Whole Children and Strong Communities
The Los Angeles County Office of Education announced Monday that it will dedicate $2 million to help historically undercounted communities conduct an accurate 2020 Census. LACOE said it will partner with more than 960 schools in districts that include Los Angeles, Long Beach, Compton, Glendale, Lynwood, Montebello, Mountain View, Paramount and Pomona, giving each school $2,000 for census outreach to students and families.
William Wan, The Washington Post
In the face of rising rates of depression, anxiety and suicide among young people, some states and school systems have started allowing students to take mental sick days off from school. Last year, Utah changed its definition of valid excuses for absences to include mental health issues. This summer, Oregon enacted a law — driven by a group of high school student activists — that allows students to take days off for mental health.
Carrie Spector, Stanford News
Nearly 10 years ago, school leaders in Oakland, California, launched the first district-level initiative of its kind in the nation: a program targeted exclusively to black male high schoolers that was a part of their regular classes during the school day. A new study shows that an achievement program targeted to black male students lowered high school dropout rates. Taught by black male instructors, the “Manhood Development” course emphasizes social-emotional learning, African and African American history and academic mentoring, drawing on culturally relevant teaching methods to counter stereotypes and create a stronger sense of community and belonging in school.
Access, Assessment, and Advancement
Kara Voght, Mother Jones
If a Democrat defeats President Trump in 2020, voters could expect the new resident of the White House to move in armed with a series of progressive proposals aimed at helping people find higher-paying jobs. The majority of the 2020 Democratic hopefuls have called for reforms to strengthen union power. Twelve of the Democratic candidates support a Green New Deal, a vision for creating federally backed green jobs. Under a Sanders or Warren administration, four-year public college would be free; community college would be free, regardless of which 2020 hopeful won.But, pray tell, while Americans are heading back to school or to their unionized jobs, who is going to watch their kids?
Alexis Marshall, NPR
The Department of Education has proposed several key changes to its massive survey that collects data from the nation’s public schools on a wide range of civil rights issues. Among the changes, the 2019-2020 version of the Civil Rights Data Collection would remove questions that focus on preschool and school finance. The proposals would also add in more questions about sexual assault and bullying based on religion.
Danielle Douglas-Gabriel, The Washington Post
House Democrats have rolled out a 1,165-page plan to reauthorize the main federal law governing higher education. There’s a lot in there. Much of it rehashes previous proposals, with a few new ideas and more comprehensive provisions. Higher education experts are divided on whether the legislation goes far enough, too far or has struck the right balance. Here’s a quick look at a few provisions that some say are worth advancing or revising.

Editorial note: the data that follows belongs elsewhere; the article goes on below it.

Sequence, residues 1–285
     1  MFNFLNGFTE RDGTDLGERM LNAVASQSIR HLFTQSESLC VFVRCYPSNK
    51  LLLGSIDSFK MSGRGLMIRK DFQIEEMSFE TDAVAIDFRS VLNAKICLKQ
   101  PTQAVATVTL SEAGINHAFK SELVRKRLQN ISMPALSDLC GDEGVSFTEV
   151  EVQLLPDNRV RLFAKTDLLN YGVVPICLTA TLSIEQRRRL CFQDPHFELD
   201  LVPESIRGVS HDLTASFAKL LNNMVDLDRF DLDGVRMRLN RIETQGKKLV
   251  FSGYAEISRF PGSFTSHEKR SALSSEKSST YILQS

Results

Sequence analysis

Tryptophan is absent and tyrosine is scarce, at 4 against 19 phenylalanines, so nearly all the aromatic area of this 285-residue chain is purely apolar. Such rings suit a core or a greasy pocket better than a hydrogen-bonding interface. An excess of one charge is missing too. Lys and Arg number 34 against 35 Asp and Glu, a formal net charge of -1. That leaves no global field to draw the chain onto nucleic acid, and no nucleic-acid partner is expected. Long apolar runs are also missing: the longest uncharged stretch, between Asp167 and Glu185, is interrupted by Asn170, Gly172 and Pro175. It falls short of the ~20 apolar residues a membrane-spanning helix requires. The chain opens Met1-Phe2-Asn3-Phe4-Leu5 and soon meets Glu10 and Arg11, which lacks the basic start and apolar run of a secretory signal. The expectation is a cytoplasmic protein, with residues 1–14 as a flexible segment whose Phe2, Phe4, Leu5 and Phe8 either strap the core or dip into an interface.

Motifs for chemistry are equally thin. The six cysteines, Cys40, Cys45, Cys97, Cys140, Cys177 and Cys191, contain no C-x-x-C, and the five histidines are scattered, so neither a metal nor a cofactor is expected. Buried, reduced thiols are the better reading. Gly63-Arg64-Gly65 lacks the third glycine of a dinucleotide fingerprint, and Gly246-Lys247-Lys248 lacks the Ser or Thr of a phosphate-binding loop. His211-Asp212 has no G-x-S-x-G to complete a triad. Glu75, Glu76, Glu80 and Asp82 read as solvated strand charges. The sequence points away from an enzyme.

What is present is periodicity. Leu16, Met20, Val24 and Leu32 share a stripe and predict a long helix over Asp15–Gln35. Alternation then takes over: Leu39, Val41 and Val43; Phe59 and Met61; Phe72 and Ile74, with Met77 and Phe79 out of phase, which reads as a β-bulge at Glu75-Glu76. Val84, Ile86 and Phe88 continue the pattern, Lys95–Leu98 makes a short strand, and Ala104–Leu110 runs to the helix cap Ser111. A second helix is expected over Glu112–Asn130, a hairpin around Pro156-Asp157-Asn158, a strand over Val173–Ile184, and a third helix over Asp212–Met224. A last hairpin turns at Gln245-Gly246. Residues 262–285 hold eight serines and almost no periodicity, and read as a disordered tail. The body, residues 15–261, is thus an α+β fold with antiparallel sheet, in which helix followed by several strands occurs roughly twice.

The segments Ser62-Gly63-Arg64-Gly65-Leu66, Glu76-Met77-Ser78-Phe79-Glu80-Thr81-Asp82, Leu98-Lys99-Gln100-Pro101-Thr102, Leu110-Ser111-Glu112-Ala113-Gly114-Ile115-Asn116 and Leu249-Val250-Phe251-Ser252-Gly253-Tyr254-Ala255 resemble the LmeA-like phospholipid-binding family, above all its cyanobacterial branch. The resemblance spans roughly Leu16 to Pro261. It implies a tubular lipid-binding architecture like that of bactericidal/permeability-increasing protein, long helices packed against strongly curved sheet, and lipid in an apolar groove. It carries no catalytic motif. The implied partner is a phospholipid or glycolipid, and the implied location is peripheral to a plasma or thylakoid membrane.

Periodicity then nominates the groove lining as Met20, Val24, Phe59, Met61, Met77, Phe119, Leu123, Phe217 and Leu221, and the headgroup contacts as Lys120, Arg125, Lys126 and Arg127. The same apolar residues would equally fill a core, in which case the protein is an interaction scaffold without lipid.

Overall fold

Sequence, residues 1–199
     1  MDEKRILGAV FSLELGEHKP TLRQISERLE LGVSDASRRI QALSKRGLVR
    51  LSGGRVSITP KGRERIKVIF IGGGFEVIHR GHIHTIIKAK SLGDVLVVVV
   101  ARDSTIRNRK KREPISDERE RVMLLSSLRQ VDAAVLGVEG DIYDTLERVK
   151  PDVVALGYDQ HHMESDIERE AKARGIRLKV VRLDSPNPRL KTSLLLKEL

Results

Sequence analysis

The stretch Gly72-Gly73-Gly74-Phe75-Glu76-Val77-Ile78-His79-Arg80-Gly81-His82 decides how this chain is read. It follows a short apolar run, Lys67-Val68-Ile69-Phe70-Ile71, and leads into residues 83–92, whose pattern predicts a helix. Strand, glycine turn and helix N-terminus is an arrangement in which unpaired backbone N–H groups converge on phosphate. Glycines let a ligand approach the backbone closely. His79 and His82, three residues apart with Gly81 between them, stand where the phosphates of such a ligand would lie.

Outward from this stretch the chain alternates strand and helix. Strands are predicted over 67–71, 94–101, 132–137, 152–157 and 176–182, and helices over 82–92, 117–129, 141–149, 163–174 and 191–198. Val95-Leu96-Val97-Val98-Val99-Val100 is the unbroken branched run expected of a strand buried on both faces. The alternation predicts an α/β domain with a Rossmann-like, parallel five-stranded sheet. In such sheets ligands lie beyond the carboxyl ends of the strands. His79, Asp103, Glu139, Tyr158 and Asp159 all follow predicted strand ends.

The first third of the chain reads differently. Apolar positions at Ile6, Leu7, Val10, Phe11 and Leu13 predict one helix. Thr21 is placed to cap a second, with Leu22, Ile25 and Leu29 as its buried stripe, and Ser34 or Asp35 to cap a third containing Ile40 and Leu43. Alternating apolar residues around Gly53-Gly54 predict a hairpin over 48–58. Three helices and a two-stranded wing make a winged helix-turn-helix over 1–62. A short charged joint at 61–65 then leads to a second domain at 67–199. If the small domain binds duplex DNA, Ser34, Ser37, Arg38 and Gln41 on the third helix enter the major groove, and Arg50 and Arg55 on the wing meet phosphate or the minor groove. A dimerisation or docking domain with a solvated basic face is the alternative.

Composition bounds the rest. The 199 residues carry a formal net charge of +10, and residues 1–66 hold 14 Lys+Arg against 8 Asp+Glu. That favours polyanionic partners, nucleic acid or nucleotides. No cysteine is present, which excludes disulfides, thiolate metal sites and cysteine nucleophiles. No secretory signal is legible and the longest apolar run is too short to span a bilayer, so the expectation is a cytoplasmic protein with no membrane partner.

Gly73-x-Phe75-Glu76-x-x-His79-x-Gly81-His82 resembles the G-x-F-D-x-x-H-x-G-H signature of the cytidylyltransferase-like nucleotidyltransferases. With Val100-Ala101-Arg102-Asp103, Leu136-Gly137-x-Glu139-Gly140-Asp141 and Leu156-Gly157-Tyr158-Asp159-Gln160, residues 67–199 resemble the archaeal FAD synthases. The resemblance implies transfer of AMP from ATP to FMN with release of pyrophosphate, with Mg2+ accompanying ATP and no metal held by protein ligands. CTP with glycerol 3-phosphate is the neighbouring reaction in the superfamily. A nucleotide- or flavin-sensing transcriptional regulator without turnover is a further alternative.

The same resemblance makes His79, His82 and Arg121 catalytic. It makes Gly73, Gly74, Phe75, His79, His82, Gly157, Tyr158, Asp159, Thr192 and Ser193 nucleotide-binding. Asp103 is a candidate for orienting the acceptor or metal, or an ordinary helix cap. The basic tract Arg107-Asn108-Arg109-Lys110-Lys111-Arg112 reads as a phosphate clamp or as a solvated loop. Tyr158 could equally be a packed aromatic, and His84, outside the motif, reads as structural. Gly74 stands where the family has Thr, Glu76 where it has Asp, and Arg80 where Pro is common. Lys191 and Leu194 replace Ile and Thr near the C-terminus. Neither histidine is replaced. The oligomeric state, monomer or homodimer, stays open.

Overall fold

Inequality, Poverty, Segregation
Elizabeth Warren marches with striking Chicago teachers, a day after releasing new K-12 education plan
Ella Nilson, Vox
Senator Elizabeth Warren is joining striking teachers on Tuesday in Chicago, where they have been marching daily since last week after hitting a negotiation impasse with city officials on their contract. The teachers aren’t just marching for a pay raise, as Vox’s Alexia Fernandez Campbell recently wrote. Teachers want the city to put a large investment into its public schools, which are highly segregated and have growing class sizes. City officials are already offering Chicago teachers a raise, but the strikers want commitments to hire more staff and reduce class sizes written into their contract.Warren, a frontrunner for the 2020 Democratic nomination, used to be a public school teacher. And she just released a plan to take what Chicago teachers are fighting for and replicate it around the country. Six months after releasing a plan to cancel student debt and make public college free, Warren released her K-12 education plan on Monday.
Adam Harris, The Atlantic
When Diane Zook, the chair of Arkansas’ State Board of Education, banged her gavel to bring the afternoon meeting into order on October 10, every seat in the cramped boardroom was filled. Nearly every inch of paint on the wall had been covered by a body before the fire marshal, concerned about capacity, ushered those standing out of the room. The crowd spilled into the overflow areas in a wave. Sixty-two years after the world watched Little Rock struggle to desegregate its schools, history seemed to be repeating itself.